Dozens of unlicensed cab drivers in SF


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The major cab companies tell the I-Team they check each year to make sure their drivers have a valid license, but it looks like some have fallen through the cracks.

A memo from the Municipal Transportation Agency went out to all San Francisco cab companies late Tuesday. It identified 189 taxi drivers who do not have a valid California driver's license. The MTA warned the drivers may not work until the agency clears them to return to duty.

"The inquiry that we conducted, which was with trained emergency management personnel through the drivers, Department of Motor Vehicles, identified some problems with those particular records," said SF MTA taxi director Chris Hayashi.

According to the memo, the top three companies for unlicensed drivers are DeSoto with 18, Luxor with 27, and Yellow Cab with 50.

"We've got the most cabs, too. A cab company with only 20 cabs of course is going to have less drivers than a cab company with 500 cabs," explained Hal Millegaard, general manager for Yellow Cab.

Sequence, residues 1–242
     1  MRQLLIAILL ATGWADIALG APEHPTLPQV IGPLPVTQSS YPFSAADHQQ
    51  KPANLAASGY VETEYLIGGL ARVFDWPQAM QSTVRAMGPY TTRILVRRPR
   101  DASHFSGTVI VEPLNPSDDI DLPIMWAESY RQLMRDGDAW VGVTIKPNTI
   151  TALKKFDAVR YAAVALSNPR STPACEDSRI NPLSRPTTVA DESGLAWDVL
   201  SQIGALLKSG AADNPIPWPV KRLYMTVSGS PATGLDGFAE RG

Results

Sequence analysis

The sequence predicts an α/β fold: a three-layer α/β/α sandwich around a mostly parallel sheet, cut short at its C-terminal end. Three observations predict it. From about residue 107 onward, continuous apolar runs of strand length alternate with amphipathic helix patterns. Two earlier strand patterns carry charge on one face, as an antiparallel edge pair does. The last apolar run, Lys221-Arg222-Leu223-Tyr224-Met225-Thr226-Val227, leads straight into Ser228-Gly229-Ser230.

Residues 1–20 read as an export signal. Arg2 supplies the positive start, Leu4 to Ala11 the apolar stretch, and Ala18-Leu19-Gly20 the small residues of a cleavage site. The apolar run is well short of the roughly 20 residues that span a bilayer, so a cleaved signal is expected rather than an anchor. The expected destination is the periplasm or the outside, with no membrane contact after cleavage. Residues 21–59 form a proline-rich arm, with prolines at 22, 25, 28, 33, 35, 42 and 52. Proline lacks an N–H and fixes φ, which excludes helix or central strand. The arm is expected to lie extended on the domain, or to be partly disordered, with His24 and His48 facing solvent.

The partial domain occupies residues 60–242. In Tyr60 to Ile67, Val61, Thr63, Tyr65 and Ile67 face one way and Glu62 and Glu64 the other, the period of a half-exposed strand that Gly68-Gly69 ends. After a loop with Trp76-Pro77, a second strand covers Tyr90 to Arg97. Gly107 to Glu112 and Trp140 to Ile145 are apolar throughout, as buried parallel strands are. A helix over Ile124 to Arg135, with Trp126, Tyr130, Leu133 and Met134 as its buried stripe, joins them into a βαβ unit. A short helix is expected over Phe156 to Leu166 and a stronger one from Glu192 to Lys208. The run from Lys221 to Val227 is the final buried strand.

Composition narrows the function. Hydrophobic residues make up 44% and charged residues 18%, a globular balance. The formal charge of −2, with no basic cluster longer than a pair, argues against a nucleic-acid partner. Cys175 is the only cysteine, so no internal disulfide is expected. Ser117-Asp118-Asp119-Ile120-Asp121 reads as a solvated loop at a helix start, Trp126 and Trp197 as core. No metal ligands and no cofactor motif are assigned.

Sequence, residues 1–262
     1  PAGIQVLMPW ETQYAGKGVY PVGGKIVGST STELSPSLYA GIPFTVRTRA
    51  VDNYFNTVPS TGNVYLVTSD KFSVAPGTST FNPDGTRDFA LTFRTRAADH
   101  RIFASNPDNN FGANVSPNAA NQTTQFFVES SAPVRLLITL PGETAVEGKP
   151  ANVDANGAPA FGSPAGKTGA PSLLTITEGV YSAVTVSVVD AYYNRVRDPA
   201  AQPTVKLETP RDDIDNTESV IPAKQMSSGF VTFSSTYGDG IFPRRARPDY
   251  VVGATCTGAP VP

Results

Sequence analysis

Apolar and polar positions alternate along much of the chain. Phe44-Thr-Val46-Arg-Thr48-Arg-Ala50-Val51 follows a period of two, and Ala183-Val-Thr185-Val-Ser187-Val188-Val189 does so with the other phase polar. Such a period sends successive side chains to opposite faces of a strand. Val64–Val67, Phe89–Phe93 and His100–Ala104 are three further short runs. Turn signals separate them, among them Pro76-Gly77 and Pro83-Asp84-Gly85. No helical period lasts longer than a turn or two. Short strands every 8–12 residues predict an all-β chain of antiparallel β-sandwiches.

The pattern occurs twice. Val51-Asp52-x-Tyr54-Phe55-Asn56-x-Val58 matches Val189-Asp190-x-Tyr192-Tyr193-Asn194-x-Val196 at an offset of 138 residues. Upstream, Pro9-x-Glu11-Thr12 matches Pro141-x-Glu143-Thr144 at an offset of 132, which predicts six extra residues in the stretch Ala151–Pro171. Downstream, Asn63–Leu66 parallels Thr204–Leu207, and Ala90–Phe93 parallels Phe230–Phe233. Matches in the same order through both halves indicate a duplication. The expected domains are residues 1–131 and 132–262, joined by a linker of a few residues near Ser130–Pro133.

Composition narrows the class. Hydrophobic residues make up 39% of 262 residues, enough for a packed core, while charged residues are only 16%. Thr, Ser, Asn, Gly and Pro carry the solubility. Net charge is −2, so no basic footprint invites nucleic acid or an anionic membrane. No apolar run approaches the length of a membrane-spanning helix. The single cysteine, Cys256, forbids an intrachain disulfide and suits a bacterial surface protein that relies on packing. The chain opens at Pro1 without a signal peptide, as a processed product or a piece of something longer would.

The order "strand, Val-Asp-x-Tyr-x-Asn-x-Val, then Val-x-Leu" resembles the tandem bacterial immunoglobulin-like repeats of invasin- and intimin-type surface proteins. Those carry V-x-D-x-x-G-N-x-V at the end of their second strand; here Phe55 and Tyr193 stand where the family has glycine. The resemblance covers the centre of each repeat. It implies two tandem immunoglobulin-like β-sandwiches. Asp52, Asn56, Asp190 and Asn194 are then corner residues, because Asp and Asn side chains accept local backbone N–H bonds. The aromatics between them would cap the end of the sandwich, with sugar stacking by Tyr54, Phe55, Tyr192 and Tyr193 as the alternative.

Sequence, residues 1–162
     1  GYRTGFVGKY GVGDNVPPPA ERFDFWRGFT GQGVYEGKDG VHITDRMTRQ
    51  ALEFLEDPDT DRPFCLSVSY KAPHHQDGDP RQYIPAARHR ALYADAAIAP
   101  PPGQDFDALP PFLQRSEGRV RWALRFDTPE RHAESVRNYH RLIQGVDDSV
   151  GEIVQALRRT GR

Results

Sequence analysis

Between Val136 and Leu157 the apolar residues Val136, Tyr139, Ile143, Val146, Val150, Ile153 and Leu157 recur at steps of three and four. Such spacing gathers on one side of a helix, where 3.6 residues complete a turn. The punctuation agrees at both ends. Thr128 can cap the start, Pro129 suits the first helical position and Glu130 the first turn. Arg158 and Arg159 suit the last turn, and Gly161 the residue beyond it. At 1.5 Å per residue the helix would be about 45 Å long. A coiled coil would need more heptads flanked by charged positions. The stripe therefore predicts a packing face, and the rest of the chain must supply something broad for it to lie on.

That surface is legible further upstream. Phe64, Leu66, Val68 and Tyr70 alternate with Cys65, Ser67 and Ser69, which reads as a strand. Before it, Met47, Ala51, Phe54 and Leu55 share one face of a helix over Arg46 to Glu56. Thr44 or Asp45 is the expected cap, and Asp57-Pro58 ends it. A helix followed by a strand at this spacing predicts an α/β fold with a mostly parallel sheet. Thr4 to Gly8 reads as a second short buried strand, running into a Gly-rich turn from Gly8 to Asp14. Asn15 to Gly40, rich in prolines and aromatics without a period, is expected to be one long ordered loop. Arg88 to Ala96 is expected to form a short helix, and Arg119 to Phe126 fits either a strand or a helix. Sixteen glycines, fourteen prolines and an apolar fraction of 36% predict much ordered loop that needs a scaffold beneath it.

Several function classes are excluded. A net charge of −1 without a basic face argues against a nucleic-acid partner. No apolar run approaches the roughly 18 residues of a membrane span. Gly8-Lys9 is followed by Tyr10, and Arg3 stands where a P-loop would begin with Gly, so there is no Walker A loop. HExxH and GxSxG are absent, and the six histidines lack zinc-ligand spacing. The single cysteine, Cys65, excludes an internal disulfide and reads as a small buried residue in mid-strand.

Millegaard says his company checks drivers' records twice a year. He is in the process of contacting his drivers on the list.

"I have to get ahold of them, make them go to the DMV, get a copy of their DMV printout, and bring it back to me or bring it to the MTA in order to prove that they really do indeed have a valid driver's license," said Millegaard.

Millegaard expects most of his drivers on the list will be cleared to drive, including Joe Leung. Leung's license was suspended for an unpaid ticket and other infractions, but Leung says he is allowed to drive for work.

"If you get into a taxi, you want to make sure that you have a qualified driver, and we're trying to make sure that that's true," said Hayashi.

This is the first major action for Hayashi since the MTA took on oversight of the industry from the Taxi Commission three months ago. One cab company manager told the I-Team it is a case of "bureaucrats gone wild."

Noyes: "How do you answer something like that?"

Hayashi: "We have a responsibility to public safety. That's our primary role as a regulator to make sure that when people get into taxi cabs that the operator knows how to operate a vehicle."

Others companies welcome the extra scrutiny. Even though the list says Luxor has two dozen unlicensed drivers, manager Charles Rathbone says most of them have already checked out as having valid licenses.

"It's OK to inconvenience us, what's not OK is to have people out there without licenses and I'm glad we had a chance to double check today and we're OK with that," said Rathbone.

The MTA started its investigation after the FBI arrested a member of the police taxi detail in March for taking bribes. Late Wednesday, the I-Team received a memo from the MTA with the names of 14 drivers from the list who have been cleared to drive.

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